It can be easy for scammers to copy (skim) your card when you’re physically using it. They often use attachments on ATM machines that will capture your card information and PIN number. Make sure you properly assess the machine before you use it. Look for anything that might be covering the card slot or anything that looks like a camera. If you’re unsure or something seems amiss, don’t use the ATM.
Similarly, keep an eye out to make sure no one is watching you as you use your card. If you suspect someone is trying to observe you enter your PIN or distract you, walk away and ask for help.
Check Your Statements
This is solid advice from a financial planning point of view but also helps you spot any potential fraud. Keep your receipts and check them off against your bank statements. You can either wait for your physical monthly statement or check online if you have internet banking.
If you notice any discrepancies or transactions you’re not sure about, investigate further. If you suspect something is amiss, you’ll need to contact your bank.
What to Do if You’re Targeted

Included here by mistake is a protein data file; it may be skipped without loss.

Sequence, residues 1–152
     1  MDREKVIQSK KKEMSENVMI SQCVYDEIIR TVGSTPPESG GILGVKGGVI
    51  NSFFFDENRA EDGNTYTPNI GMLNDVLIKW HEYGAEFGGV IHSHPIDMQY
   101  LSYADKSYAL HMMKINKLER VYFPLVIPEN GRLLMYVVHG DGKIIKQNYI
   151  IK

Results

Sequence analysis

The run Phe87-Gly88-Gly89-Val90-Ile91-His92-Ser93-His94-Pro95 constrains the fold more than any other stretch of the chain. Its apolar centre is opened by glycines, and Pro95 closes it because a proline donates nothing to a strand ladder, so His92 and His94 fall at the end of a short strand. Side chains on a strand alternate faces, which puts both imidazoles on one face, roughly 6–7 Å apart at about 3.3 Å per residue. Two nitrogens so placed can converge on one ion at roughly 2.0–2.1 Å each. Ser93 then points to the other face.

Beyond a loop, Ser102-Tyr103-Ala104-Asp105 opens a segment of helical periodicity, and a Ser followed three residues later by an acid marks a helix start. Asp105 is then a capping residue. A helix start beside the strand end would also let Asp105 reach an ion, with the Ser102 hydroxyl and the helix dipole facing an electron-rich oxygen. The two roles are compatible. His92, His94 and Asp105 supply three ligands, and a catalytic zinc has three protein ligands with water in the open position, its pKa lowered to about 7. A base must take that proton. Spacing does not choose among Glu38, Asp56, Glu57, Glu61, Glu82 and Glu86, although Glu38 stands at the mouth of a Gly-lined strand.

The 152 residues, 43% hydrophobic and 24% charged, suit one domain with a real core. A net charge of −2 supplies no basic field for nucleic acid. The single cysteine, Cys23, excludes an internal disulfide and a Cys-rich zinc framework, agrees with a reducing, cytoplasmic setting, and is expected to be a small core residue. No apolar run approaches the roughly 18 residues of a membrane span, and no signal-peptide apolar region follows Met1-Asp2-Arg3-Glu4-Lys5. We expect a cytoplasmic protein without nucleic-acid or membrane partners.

Provided you’ve not been negligent, your bank should refund you any money that has been taken fraudulently. However, you’ll need to know the correct process and act quickly. Fraud claims can only be made within the first 13 months of the theft.
Contact your bank
The first thing you’ll need to do is contact your bank. Whether it’s because you’ve lost your card, suspect fraudulent transactions have been made, or your details have been compromised. Give them as much detail as you can, and they will look into the matter. If you’ve lost your credit or debit card, you may be liable for the first £50 that’s used on it. However, banks will generally waive this fee if you report it swiftly.
You should also report the fraud to Action Fraud, either online or by phone. They can give you further advice about the situation. Additionally, you may want to report any financial scams to the Financial Conduct Authority.
Hopefully, your bank will resolve the matter for you straight away. However, in some instances, they may need to investigate further. If they feel you have been negligent in the matter, they may refuse to pay you. If you believe the case has been unfairly resolved, you can contact the Financial Ombudsman Service to mediate the argument for you.